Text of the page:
Traditional Chinese Medicine

Ancient Chinese medical books in the Qing Dynasty, the Chinese herbal medicine on the table

In China, you’ll find a confusing mixture of modern and traditional medical practices. You may be confused, amused and even frightened by the traditional practices that you see and by the medical advice that you’ll receive.

Though the main ideas and techniques are thousands of years old, the traditional medical practices are still important, and are even being adopted around the world.


The Yin-Yang Balance


The core belief of Chinese medicine is about the yin-yang qi balance in the body and its organs.

Most Chinese medicine practitioners think that there are many kinds of qi, and the most basic kinds are yin qi and yang qi .

Everything is a balance of yin and yang. Yin is female, dark and formless. Yang is male, light, and form. Females have more yin qi, and males have more yang qi, and as people age, they lose qi.

The qi is life energy, and its flow in the body depends on the environment and what happens to the body. The balance of qi in the parts of the body depends on the flow of various kinds of qi and fluids. Injury, physical suffering, and lack of proper food causes a qi deficiency.

The core idea of Chinese medicine is that people can increase or decrease the various qis in the body, and its parts, by various medical techniques, to create a healthful yin-yang balance.

Each person and part of the body has an ideal point of balance of yin and yang for optimal health. Some techniques are more appropriate for increasing yang qi, and some are appropriate for decreasing yang qi, and likewise for yin qi.


Various Techniques that Manipulate the Various Qis


Qi deficiencies in a person or a body part can be corrected by eating proper food, taking herbs and medicines, using physical manipulation such as cupping, moxibustion, acupuncture and massage, or doing meditation and physical exercise such as qigong.

For example, if a woman is sick or weak from a lack of yin qi, she can eat foods high in yin qi such as melons or goji berries or various high yin herbs.

Older men may want to take herbal and food remedies, such as drinking ginseng tea or eating seahorse dishes, because they are high in yang content, or get a moxibustion treatment that adds Yang to the body.

If, due to injury or stress, the qi circulation gets blocked or stagnated, all the above medical techniques can be used to unblock the qi channels called meridians, or increase or decrease the qi in various locations. However, a medical practitioner should help you decide which procedure will best help to cure your condition.

Qigong and tai chi practitioners think that special exercises and meditation helps the qi in the body to circulate. They think that by practicing, they can learn to control the motion of qi, and use the qi to heal injured body parts, cure diseases, get healthier, defend themselves, and live longer.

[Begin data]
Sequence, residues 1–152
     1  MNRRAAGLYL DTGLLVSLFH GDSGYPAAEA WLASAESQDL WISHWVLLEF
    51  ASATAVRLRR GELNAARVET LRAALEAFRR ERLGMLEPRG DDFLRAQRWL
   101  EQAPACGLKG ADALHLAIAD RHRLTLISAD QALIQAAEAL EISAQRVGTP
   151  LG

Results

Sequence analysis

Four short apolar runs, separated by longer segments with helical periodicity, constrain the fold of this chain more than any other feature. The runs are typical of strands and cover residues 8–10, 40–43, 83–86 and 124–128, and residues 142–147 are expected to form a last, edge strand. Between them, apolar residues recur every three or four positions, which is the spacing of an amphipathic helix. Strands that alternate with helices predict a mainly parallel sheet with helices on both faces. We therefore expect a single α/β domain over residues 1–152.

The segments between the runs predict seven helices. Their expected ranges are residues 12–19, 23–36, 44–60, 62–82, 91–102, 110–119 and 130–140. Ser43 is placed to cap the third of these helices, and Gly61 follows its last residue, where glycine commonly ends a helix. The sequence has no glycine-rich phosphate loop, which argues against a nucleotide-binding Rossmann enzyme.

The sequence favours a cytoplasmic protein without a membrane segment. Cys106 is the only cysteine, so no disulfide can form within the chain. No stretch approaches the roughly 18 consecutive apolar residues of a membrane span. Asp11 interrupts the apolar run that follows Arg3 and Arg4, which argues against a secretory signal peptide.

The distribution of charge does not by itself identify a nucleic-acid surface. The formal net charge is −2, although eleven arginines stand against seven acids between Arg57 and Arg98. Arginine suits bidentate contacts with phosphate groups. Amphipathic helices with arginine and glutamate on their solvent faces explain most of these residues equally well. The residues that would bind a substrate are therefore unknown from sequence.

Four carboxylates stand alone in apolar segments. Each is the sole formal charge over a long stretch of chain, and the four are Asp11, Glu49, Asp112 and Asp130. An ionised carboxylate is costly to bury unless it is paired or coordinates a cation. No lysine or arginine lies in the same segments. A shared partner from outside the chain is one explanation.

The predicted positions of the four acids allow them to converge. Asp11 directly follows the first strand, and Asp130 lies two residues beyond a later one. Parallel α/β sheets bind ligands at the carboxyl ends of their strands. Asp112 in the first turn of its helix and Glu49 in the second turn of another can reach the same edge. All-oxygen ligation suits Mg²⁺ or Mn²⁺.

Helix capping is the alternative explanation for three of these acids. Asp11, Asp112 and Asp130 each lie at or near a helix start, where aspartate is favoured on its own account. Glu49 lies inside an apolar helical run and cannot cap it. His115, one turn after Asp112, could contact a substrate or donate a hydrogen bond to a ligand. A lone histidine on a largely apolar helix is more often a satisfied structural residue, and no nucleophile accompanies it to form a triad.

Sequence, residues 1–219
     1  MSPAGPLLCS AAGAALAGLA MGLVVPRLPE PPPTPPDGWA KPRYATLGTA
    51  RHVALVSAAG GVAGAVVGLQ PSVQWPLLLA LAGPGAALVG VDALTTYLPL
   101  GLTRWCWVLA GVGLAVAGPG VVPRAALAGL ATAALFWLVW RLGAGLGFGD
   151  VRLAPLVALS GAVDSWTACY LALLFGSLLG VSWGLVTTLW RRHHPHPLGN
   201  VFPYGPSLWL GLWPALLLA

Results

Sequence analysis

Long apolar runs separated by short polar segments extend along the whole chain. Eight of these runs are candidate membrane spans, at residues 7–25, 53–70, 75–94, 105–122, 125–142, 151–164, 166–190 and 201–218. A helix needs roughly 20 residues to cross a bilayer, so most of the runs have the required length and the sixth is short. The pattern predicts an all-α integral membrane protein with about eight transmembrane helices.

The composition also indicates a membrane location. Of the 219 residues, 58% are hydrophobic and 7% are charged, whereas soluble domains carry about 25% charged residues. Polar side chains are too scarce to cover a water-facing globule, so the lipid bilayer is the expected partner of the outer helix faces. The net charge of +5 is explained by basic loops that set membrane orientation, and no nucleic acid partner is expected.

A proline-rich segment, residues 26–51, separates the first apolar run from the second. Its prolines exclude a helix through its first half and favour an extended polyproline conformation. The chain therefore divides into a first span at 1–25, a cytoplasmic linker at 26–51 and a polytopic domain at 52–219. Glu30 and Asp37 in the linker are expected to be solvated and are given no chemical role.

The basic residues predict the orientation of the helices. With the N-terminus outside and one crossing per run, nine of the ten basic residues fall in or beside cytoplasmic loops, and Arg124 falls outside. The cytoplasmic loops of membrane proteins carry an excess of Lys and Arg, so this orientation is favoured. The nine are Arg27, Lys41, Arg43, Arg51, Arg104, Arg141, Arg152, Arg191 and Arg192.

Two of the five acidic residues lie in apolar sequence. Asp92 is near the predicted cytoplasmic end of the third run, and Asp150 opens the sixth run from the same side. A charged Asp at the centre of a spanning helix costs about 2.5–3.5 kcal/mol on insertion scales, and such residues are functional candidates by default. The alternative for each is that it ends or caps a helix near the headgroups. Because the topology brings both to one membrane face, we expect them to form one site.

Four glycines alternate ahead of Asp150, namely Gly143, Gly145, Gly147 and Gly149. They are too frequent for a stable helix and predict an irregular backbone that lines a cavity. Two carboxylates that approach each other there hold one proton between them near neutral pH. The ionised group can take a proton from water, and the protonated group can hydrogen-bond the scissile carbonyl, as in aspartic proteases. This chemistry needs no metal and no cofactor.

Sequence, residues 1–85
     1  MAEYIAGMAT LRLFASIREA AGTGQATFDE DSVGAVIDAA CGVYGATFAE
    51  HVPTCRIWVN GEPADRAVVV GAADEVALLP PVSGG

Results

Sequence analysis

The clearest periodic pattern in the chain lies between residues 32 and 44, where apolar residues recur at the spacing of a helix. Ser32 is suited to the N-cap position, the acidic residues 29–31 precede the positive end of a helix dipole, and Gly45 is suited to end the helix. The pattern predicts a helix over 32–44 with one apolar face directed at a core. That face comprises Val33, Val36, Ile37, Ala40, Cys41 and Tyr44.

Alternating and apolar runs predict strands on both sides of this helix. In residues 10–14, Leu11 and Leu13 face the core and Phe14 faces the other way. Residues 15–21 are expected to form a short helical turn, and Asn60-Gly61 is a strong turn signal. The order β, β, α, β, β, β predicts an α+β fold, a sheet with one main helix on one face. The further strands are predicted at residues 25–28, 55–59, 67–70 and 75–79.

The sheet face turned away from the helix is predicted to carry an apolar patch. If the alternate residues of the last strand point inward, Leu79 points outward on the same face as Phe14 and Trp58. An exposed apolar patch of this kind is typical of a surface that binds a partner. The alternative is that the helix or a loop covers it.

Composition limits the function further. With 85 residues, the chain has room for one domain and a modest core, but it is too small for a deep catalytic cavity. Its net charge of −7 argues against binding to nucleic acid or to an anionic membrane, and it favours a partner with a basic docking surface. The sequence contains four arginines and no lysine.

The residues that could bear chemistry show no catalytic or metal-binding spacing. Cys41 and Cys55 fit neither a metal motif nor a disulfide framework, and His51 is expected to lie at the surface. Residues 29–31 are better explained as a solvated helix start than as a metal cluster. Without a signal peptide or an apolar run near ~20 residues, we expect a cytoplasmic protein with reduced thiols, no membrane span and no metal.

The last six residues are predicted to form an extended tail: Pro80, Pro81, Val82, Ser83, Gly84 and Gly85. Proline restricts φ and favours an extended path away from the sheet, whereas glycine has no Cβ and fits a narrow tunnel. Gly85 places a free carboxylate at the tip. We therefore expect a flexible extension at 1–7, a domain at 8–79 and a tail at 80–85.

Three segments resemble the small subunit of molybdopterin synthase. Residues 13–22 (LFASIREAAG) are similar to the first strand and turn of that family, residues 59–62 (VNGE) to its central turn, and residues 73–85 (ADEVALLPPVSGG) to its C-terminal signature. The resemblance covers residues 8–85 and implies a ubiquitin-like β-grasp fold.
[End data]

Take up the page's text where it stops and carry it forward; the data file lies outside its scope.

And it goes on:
Summary of the Most Common Techniques


Acupuncture: involves sticking needles or sharp points into the body at specific meridian sites to change the qi and Yin Yang balances. The meridian spots are outlined in charts and traditional texts. An acupuncture treatment often involves fire cupping, moxibustion, message, acupressure (tuina) or other techniques as well. The needles may be heated by burning mugwort herb for moxibustion. When people go to traditional doctors in China, acupuncture is a common treatment, but its effectiveness isn’t clear. Here is some information on the history, method, and effectiveness of acupuncture..

Cupping: This ancient practice isn’t just a Chinese tradition, it has been practiced for hundreds and thousands of years across Eurasia and North Africa. The Chinese style uses the acupuncture meridians. It is used to remove yang from the body, and it is appropriate for conditions such as bronchitis, heat stroke, and hot weather-related conditions.

Herbal Medicine: Health food stores in the US sell herbal medicines and herbal substance, and European and American people generally buy these herbs based on their traditional understanding of herbal pharmacology. Western herbal medicine enthusiasts often discuss the chemical and biological effects of herbs on human bodies or cells. For example, they’ll talk about an herb’s effects on harmful bacteria or viruses. However, natural pharmacology in Chinese traditional medicine is based on different concepts. There are core traditional ideas that traditional practitioners hold about the need to harmonize Yin and Yang and the various qi in human bodies. Chinese are adopting Western medicine’s understanding of bacteria and viruses as a cause of illness and disease, and so they may also regard natural medical products for their chemical and biological effects. But the traditional understanding of the body and health is still important to traditional medicine practitioners.

Medicinal Cuisine Therapy: The emphasis in this traditional method of meal preparation, special recipes, and way of eating is to promote the yin-yang balance.

Moxibustion: This is another surprising technique and is used to add Yang to the body. It is appropriate for women with birthing problems, older men, and cold weather-related health issues. The mugwort smoke is thought to have medicinal properties.

Qigong: Meditation and special exercise, such as qigong and tai chi also manipulates the qi balance and the body fluids in the body.